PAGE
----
Antarctic research may shed light on immune responses to coronavirus


Low blood levels of vitamin D might heighten people’s odds for severe or even fatal COVID-19, research shows.

More than 80 percent of 200 COVID-19 patients in a hospital in Spain have vitamin D deficiency, according to a new study published in Endocrine Society’s Journal of Clinical Endocrinology & Metabolism.

More and more studies are coming out daily to support this finding. And now NASA is hoping to shed some light on the role vitamin D potentially plays in the immune system’s response to viruses.

The research is out in a recent paper by NASA’s Nutritional Biochemistry Laboratory and published in The Journal of Nutrition. The findings may provide insight into reducing the risk of severe immune system responses to SARS-CoV-2, the coronavirus that causes the COVID-19 disease.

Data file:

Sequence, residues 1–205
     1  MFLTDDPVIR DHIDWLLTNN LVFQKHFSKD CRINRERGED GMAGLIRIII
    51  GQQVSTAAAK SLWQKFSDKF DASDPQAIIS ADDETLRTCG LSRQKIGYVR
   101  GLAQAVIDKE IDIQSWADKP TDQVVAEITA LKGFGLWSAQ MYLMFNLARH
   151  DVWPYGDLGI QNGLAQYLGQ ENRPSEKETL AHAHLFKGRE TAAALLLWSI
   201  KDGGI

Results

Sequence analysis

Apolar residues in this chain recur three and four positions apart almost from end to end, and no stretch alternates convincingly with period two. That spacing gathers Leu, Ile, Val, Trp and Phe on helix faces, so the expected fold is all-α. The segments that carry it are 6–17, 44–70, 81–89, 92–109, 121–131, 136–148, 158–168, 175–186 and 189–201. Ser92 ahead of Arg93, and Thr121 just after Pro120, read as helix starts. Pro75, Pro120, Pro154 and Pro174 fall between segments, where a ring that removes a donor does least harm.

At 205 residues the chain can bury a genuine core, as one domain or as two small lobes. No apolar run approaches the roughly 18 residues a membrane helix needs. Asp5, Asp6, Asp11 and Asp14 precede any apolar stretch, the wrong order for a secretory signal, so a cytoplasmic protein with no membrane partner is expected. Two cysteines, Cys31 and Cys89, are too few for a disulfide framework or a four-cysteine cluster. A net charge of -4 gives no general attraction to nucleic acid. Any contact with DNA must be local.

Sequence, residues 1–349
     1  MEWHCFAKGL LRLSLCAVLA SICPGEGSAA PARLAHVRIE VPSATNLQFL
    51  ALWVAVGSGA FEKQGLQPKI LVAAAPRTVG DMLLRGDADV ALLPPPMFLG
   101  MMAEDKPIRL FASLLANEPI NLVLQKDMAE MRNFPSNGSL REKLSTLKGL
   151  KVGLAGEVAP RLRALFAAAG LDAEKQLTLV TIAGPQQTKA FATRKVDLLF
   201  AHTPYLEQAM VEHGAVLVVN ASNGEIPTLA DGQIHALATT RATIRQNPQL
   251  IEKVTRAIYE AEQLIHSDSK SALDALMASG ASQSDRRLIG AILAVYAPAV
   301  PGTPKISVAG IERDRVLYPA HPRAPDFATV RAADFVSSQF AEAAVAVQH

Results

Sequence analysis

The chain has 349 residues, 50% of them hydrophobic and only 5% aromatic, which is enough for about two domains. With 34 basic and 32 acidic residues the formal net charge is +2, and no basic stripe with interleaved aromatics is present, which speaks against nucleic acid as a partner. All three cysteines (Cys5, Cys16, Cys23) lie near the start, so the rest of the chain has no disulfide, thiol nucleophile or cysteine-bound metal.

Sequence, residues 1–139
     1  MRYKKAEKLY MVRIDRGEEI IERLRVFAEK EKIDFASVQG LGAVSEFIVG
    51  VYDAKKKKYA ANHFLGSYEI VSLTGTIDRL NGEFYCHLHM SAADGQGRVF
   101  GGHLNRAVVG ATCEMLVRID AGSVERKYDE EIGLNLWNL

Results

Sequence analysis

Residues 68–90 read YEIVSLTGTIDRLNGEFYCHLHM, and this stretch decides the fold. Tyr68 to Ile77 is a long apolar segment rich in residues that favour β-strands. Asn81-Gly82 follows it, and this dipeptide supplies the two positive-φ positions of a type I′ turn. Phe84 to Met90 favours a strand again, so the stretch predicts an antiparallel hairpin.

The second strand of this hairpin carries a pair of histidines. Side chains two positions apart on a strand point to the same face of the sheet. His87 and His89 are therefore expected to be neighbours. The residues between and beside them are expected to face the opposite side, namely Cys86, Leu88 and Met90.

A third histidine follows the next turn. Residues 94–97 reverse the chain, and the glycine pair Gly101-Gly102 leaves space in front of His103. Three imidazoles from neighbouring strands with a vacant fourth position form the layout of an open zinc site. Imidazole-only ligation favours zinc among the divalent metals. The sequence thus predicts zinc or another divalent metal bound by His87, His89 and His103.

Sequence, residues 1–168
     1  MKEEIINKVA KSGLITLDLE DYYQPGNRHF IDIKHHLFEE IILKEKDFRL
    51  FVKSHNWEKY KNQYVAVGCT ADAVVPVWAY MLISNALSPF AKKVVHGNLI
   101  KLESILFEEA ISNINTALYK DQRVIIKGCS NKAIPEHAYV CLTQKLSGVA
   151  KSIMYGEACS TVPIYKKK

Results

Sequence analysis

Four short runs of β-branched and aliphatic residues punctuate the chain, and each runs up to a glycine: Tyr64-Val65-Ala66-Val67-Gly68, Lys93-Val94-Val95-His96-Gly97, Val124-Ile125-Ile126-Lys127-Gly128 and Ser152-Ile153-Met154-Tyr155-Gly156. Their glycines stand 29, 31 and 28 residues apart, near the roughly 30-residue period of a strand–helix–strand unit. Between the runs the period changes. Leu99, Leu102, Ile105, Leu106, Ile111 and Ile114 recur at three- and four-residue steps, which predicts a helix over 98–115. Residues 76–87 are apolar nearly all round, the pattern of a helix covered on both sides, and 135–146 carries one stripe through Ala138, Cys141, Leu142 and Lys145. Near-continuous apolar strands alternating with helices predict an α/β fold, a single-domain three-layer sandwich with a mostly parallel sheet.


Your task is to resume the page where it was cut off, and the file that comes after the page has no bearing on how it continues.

The human body produces vitamin D when the skin is exposed to sunlight. Vitamin D is a hormone the kidneys produce that controls blood calcium concentration and impacts the immune system.

Well, in spacecraft, or during the winter in Antarctica, crew members don’t get any sunlight exposure. This makes Antarctica a great place to study vitamin D in astronauts.

Vitamin D helps regulate the immune system, which defends the body from outside intruders, such as bacteria and viruses. NASA-funded research in the Antarctic showed that crew members with lower vitamin D levels and higher indications of stress had higher rates of virus reactivation.

Some researchers believe sunlight, consumption of vitamin D rich foods, and adequate dietary supplements containing vitamin D may support immune system function and decrease the impact of virus reactivation.

But at this time, more research is needed.

(sources: NASA, Sci Tech Daily, Web MD)

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